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Powers of attorney in South Australia

Learn more about making a power of attorney in South Australia.

Last updated: 30 September 2022

Actively planning for the future may help to ensure that you live your later years in wellbeing and security.

Sometimes, due to accidents, illness or ageing, people become unable to make their own decisions about financial matters. But you can take steps now to ensure that if this should happen to you, your decisions will still be made – and made in accordance with your wishes and preferences.

Types of powers of attorney in South Australia

In South Australia there are two legal documents that allow you to appoint someone else to act as a decision-maker on your behalf.

  1. a general power of attorney

  2. an enduring power of attorney

These two legal documents can specify who can make decisions for you, which decisions they can make, and when they can make them. Your nominated decision-maker is known as the ‘donee’, and you are known as the ‘donor’.

To be able to make a power of attorney, you must:

  • be over the age of 18

  • understand the effect of making a power of attorney or advance personal plan

  • have decision-making capacity at the time of making the document

Other states and territories have similar documents, although they may have different names and different rules.

Senior couple looking over documents

1. General power of attorney

A general non-enduring power of attorney covers financial matters only, and it can only be used while you have capacity to make your own decisions.

Typically, the power of attorney is in place for a specific time – for example, if you are travelling overseas or are injured and therefore need someone else to look after your finances temporarily.

With this document, your donee can only act on your behalf for the time, task or the circumstances you have specified. For example, if you regularly travel, you might authorise your donee to make financial decisions whenever you are overseas.

If your general power of attorney does not have any specified limits in place, it ends.

2. Enduring power of attorney

An enduring power of attorney allows you to appoint a person, several people or a trustee organisation to make financial decisions – such as paying bills, or selling your home and using the funds to secure you a place in a residential aged care facility – if you no longer have capacity to make your own decisions.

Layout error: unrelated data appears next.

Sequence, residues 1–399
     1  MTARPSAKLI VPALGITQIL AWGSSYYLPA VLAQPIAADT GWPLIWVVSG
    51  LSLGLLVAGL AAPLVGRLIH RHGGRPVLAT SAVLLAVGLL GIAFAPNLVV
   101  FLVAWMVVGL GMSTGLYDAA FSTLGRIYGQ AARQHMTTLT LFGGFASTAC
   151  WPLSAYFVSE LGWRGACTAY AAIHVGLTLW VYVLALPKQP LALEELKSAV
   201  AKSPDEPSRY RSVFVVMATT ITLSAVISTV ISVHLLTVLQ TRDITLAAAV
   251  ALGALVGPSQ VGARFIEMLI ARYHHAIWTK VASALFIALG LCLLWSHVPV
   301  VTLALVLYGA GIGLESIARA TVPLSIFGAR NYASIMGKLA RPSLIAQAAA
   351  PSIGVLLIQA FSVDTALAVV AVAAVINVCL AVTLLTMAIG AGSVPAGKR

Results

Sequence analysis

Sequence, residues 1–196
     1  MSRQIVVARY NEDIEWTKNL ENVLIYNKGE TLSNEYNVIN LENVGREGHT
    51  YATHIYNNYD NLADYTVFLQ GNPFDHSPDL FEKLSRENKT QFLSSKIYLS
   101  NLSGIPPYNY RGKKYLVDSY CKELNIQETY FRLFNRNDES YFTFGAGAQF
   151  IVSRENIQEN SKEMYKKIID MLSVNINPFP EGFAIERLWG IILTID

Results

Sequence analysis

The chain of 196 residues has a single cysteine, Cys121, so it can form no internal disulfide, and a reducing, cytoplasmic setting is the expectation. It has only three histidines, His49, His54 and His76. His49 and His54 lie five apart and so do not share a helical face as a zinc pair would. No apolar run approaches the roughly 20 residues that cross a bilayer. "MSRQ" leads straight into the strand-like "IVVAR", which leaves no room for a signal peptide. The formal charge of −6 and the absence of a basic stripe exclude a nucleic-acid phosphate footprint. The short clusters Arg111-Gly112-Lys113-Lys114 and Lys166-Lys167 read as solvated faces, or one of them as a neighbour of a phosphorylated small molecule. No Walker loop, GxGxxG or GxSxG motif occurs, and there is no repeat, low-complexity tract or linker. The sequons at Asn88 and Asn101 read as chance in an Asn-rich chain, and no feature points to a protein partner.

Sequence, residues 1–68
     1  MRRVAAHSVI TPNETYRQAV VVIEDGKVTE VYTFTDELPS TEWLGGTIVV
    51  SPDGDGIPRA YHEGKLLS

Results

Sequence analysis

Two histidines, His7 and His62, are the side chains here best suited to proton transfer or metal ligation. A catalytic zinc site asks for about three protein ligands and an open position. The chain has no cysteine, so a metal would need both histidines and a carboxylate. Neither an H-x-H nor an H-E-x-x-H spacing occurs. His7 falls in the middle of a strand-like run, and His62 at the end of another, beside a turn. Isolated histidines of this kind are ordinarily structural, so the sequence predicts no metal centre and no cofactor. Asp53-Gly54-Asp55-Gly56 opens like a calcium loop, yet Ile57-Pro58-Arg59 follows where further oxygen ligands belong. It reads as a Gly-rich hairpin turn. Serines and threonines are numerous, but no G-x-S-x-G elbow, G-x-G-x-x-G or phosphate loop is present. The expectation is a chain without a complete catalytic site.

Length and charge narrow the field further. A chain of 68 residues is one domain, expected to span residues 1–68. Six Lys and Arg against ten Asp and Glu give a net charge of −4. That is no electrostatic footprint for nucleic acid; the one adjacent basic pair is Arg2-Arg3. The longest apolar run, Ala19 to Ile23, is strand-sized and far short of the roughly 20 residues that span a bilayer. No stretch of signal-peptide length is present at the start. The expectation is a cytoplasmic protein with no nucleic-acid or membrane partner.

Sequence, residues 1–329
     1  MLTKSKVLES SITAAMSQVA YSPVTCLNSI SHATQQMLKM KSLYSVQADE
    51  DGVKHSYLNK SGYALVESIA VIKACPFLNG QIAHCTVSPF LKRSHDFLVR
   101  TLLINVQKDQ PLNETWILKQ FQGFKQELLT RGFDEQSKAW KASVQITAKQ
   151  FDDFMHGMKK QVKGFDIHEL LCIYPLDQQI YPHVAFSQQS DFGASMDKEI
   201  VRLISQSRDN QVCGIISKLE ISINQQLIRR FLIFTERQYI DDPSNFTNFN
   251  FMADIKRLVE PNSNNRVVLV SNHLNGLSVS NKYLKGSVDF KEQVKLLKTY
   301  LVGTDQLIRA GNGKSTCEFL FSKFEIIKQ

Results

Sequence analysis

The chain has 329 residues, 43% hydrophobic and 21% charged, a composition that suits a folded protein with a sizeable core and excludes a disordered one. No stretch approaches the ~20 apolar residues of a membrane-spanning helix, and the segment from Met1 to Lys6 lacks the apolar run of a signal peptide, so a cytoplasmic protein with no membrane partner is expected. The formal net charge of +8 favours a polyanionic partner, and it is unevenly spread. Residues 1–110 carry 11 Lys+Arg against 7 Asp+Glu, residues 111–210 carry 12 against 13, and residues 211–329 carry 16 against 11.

You can only make an enduring power of attorney while you still have the capacity to make your own decisions.

You can specify when the enduring power comes into effect, whether prior to you losing decision-making capacity or only once you have lost decision-making capacity.

For example, you might specify that your appointed donee can pay bills on your behalf whenever you are travelling overseas but only take over making all your financial decisions when your doctor assesses you as no longer having capacity to make decisions.

Every Australian state and territory has different rules governing powers of attorney. It’s important to check the rules in other jurisdictions if you think your donee may need to act on your behalf in financial matters in other jurisdictions.

What is ‘capacity’?

Capacity is a legal term that refers to a person’s ability to make their own decisions. People may have capacity throughout their adult years and be able to look after their own financial and other decisions, but they may lose capacity due to an accident, illness or adverse effects of ageing.

You have decision-making capacity if you are able to:

  • understand the information relevant to the decision and the effect of the decision

  • retain that information to the extent necessary to make that decision

  • use or weigh up that information as part of the process of making the decision

  • communicate the decision and your views and needs in some way, including by speech, gestures or other means

In most cases an enduring power of attorney only takes effect when a person has ‘impaired capacity’, which is a legal term meaning that you are no longer capable of making your own decisions. If you are no longer able to understand the legal action or arrangement, you may be considered to be ‘legally incapacitated’.

Other decision-making options

Both general and enduring powers of attorney are only for legal and financial matters.

If you want to appoint someone to make decisions about your personal life and future medical care, you will need to make an Advance Care Directive.

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Advance Care Directives

These are legal documents that you can use to appoint one or more substitute decision-makers to act on your behalf in matters relating to your personal life, where you live, and your health care if you lose decision-making capacity.

Advance Care Directives allow you to record your wishes and values to guide any future healthcare decisions that may need to be made for you. You can also set out any instructions for refusing health care and appoint substitute decision-makers.

Advance Care Directives replaced Medical Powers of Attorney, Enduring Powers of Guardianship and Anticipatory Directions in July 2014. (However, if you have previously completed any of these, they remain legally valid.)

Understanding powers of attorney in South Australia

Who can be appointed as a donee?

In South Australia you can appoint as your donee anyone over the age of 18 who has the capacity to make their own decisions. You can appoint family members, friends, a lawyer or a licenced trustee company.

Eligible concession card holders can appoint the Public Trustee. However, they no longer act as donee for non–concession card holders. Check if you are eligible on their website.

If the Public Trustee was appointed to act on your behalf in an existing power of attorney and you don’t need to make any changes to it, they will still act on your behalf.

In South Australia, any donee appointed must agree to act for you by signing the enduring or general power of attorney to show that they have accepted the role. You cannot appoint someone against their wishes or without their knowledge.

Can I have more than one donee?

In South Australia you can appoint multiple people to act as donees. If you do appoint more than one person, you can authorise them to make decisions individually (known as ‘severally’), together (known as ‘jointly’) or a combination of jointly and severally.